Consistent with figure 3, table 2 shows material discrepancies between regressions using Compustat and regressions using the Economic Census—though the comparison is made difficult by the large standard errors (especially in Compustat-based regressions). Interestingly, coefficients for the later pandemic period with top-4 shares are roughly similar. But this similarity is apparently deceiving: coefficients for the earlier period are markedly different, and the extreme prevalence of (essentially) top-coded concentration in Compustat data warrants caution. A focus on this limited time period could lead to incorrect conclusions about the broader consonance of Compustat data and higher-quality sources, as the coefficients from the earlier time period confirm. In unreported exercises, we find broadly similar results if we measure Compustat concentration in 2019 instead of 2017 and if we run the regressions with concentration in levels instead of logs. We find only modest improvement (but significantly reduced sample size) if we omit industries for which Compustat concentration ratios equal 100 (or HHIs equal 10,000). Results are also similar at the 5-digit NAICS level, though coefficients are generally greater (particularly in the later time period).
In additional unreported exercises, we run the regressions from table 2 using BEA-enhanced Compustat concentration ratios (and using detailed industry codes as defined in BEA data). The results are difficult to interpret since many Compustat industries have BEA-enhanced concentration ratios that are extremely high (above 100) or extremely low. That said, the BEA-enhanced Compustat data produce regression results that are a bit more consistent with Census-based results, especially with respect to the top-8 firm share measures.
Our findings are not surprising in light of both conceptual issues and prior empirical work. Conceptual limitations of public firm data are numerous. Publicly traded firms comprise less than half of U.S. economic activity and a much smaller unweighted share of all firms, and the measurement of top firm concentration requires accurate data covering all top firms in an industry as well as accurate measures of total industry sales.16 Importantly, the (likely) fact that many of the largest firms are publicly traded does not address the lack of accurate industry sales denominators in public firm data—though even with higher-quality sales denominators, Compustat concentration ratios still have limited accuracy.
A top-firm concentration ratio among publicly traded firms simply measures the share of industry sales by publicly traded firms that is accounted for by the largest publicly traded firms, where industry is identified at the firm level (as opposed to the establishment level as in Census sources) for firms that are often large and engaged in multiple industries.17 This kind of empirical object might have some meaning for investors or analysts choosing between equity investments, but its meaning for broader macroeconomic inference is likely limited: both the numerator and the denominator of a public-firms-only concentration ratio could differ significantly from their counterparts calculated on the full universe of firms in an industry. There is little reason, conceptually, to expect concentration ratios computed among public firms to provide accurate measures of concentration ratios for the whole economy.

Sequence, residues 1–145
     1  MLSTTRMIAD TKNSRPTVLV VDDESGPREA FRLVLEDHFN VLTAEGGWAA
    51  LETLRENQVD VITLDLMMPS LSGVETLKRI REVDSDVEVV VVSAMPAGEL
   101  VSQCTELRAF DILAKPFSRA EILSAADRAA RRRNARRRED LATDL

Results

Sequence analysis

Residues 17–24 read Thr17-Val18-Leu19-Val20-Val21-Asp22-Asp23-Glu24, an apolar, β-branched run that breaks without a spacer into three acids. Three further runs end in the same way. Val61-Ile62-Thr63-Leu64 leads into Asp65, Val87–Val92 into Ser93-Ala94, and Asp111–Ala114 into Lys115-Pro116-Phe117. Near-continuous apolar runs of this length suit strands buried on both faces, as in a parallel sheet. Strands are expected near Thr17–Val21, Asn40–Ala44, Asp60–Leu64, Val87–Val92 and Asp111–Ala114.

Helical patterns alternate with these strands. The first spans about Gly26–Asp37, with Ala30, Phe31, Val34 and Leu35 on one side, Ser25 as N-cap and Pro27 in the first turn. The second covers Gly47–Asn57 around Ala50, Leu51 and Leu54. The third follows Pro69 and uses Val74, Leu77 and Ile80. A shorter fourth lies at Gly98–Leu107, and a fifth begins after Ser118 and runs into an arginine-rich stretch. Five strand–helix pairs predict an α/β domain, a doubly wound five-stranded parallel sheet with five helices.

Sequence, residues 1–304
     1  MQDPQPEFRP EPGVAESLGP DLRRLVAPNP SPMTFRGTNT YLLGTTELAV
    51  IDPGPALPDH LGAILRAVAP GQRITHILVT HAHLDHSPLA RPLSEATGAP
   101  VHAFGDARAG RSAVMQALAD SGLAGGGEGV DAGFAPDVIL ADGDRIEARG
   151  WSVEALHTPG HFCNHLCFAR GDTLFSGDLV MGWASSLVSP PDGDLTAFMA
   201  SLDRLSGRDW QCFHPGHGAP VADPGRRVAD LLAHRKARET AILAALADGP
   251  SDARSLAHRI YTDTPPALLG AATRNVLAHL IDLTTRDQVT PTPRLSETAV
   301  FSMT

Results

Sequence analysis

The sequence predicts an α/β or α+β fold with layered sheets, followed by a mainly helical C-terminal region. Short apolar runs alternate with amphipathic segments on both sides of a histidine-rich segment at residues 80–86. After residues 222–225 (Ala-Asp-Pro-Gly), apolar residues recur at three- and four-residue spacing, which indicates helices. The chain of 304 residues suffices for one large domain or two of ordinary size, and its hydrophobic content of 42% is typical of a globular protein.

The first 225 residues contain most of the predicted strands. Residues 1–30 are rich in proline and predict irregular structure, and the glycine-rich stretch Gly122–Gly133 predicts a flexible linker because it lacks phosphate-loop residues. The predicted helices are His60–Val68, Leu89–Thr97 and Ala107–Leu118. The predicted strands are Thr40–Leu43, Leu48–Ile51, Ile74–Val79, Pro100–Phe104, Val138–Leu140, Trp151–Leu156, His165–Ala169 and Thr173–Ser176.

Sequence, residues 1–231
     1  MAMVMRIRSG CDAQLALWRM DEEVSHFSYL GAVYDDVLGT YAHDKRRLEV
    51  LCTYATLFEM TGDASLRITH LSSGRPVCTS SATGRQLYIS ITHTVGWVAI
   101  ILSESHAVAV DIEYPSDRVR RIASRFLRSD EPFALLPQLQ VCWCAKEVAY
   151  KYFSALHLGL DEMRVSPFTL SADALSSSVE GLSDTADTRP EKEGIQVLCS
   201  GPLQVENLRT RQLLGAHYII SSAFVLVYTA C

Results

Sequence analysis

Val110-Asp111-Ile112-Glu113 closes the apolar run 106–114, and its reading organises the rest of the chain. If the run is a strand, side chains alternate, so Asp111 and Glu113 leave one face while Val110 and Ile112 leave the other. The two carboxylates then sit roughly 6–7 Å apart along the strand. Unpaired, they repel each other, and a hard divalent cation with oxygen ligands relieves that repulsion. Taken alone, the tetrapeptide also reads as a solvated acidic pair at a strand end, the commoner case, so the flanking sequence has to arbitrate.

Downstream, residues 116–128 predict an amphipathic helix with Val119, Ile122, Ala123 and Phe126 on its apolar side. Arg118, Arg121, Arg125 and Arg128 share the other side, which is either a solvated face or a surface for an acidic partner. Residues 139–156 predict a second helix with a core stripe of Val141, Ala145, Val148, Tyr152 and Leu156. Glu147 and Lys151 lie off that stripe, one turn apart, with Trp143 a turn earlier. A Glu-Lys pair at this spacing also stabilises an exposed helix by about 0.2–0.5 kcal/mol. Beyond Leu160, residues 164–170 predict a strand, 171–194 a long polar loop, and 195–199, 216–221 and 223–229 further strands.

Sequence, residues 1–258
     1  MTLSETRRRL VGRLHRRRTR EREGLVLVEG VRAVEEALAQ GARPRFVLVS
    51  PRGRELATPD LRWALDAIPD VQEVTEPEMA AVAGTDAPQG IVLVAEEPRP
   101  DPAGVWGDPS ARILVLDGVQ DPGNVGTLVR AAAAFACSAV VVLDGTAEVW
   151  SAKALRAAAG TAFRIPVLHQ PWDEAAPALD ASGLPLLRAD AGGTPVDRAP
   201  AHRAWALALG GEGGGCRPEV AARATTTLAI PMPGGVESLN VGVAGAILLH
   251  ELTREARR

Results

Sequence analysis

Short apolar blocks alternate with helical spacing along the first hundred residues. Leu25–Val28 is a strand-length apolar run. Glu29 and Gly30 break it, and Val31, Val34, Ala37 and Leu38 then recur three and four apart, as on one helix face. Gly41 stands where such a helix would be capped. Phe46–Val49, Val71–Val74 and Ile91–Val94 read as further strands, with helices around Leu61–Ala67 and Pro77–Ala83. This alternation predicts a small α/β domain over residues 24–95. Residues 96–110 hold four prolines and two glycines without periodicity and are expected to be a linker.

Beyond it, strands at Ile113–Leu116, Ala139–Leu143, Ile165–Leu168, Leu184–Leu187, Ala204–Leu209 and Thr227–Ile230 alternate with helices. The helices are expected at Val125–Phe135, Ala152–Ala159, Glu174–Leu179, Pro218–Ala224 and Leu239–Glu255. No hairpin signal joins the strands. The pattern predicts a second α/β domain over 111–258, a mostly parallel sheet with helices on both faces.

Relatedly, previous empirical literature documents the problems with drawing inference for the whole economy from data on publicly traded firms. Public firms exhibit different levels and trends for common measures of firm dynamics (Davis et al. 2007), and careful microdata linkages reveal sizeable discrepancies between Compustat and authoritative Census sources for sales and employment measurement (Dinlersoz et al. 2018); these discrepancies may arise due to possible inclusion of sales by international subsidiaries in Compustat data or other differences in measurement methodologies.
It is not surprising, then, that previous literature finds Compustat-based concentration ratios to be poor proxies for higher-quality Census measures. Ali, Klasa, and Yeung (2009) show that HHIs calculated in Compustat are much higher—in terms of mean, median, and quintiles—than those calculated on Census of Manufacturing data for 1963-2002 (consistent with our results in figure 3); and for 1980 onward, the correlation between Compustat and Census HHIs at the 4-digit SIC level (prior to 1997) and 6-digit NAICS level (1997 onward) is about 0.13. The authors then replicate several published finance papers that used Compustat concentration ratios, finding that the use of Census-based concentration measures substantially changes published results, and the authors argue that Compustat-based measures are best thought of as proxies for industry decline. Keil (2017) updates the analysis through 2012 and expands the exercise to include Compustat segment data, finding correlations between Census of Manufacturing HHIs and Compustat HHIs ranging from 0.03 (in 2007) to 0.15 (in 1997), with similarly low correlations when focusing on Compustat segments.
This note adds to the previous evidence finding that Compustat-based concentration measures make poor proxies for true industry concentration, which is evident in more recent data and more industries. We also show that enhancing Compustat with BEA industry sales data improves accuracy, but only modestly; and we find that reduced-form correlations between price growth and concentration during the early pandemic period are highly sensitive to the source of concentration data.
Albrecht, Brian. 2022. "Is Concentration Driving Inflation?" Economic Forces (May 26). At https://pricetheory.substack.com/p/is-concentration-driving-inflation.htm (accessed December 5, 2022).
Ali, Ashiq, Sandy Klasa, and Eric Yeung. 2009. "The Limitations of Industry Concentration Measures Constructed with Compustat Data: Implications for Finance Research." The Review of Financial Studies 22 no. 10:3839-3871.
Bessen, James. 2020. "Industry Concentration and Information Technology." Journal of Law and Economics 63 (August), pp. 531-555.